Paul’s Opponents

Jerry L. Sumney

in Biblical Studies

ISBN: 9780195393361
Published online March 2013 | | DOI:
Paul’s Opponents

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Beginning with some of the earliest, interpreters have sought to identify the teaching of those Paul opposed in his letters. At first, this investigation was done so that the interpreters could identify their own adversaries with those Paul opposes. In the era of critical interpretation, identifying these opponents of Paul has been seen as an important part of specifying the historical setting of the letters and thus as a part of the interpretive context. There is, however, considerable disagreement about the identity of these opponents. Some argue that all of Paul’s letters address the same front of opposition, and others argue that multiple kinds of teachers opposed the work of Paul or that he told his congregations to reject. Modern critical study of Paul’s opponents begins with F. C. Baur. His foundational work has shaped the work on this issue since the late 19th century. He maintained that all of Paul’s letters are intended to oppose teachers who maintain that Gentile and Jewish church members must be Torah-observant, thus requiring Gentiles to receive circumcision and begin to keep the Sabbath and dietary regulations of Judaism. This single front of opposition was demanded by Baur’s Hegelian understanding of history. Even without that presupposition, some see a single type of opponent in Paul’s letters. While some continue to see those who demand Torah observance for Gentiles (often, and anachronistically, called Judaizers) as the single type of opposition, others see Gnostics as the single source of opposition. Most interpreters, however, find multiple types of ideas or practices that Paul opposes in his different letters. Part of the reason for the continuing disagreement about the identity of Paul’s opponents is that interpreters gave little attention to proper method for identifying them until the latter quarter of the 20th century. Interpretive differences will continue to produce different hypotheses, but the attention given to method can help explain differences in hypotheses and give ways to move forward toward more agreement. Even the turn in Pauline studies toward more literary investigations has not slowed studies of opponents because they can contribute to our understanding of the Pauline mission and the shape of the earliest church.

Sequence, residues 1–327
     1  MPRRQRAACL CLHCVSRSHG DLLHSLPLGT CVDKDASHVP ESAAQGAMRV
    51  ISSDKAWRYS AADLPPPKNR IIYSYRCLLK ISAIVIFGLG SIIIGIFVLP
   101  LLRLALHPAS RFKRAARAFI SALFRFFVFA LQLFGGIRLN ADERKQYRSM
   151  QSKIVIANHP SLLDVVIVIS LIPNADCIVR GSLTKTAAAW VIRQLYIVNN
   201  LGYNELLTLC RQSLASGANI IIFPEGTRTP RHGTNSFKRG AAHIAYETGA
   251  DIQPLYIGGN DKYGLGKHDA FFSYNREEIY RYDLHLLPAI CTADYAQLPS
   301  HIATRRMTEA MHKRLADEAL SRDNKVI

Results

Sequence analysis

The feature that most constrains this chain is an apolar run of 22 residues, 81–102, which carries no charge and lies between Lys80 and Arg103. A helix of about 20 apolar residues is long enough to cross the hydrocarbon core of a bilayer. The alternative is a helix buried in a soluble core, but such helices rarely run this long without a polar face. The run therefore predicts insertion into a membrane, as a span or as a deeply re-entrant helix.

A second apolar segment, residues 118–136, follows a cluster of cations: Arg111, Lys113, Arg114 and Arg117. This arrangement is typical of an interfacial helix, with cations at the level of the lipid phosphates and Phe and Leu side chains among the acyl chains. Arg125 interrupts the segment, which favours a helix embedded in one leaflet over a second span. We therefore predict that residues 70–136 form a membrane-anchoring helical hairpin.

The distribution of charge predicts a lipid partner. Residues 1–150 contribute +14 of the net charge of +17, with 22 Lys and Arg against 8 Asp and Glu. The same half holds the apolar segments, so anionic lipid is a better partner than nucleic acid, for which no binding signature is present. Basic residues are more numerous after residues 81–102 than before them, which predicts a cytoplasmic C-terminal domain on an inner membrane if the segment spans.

Article.  14785 words. 

Subjects: Biblical Studies

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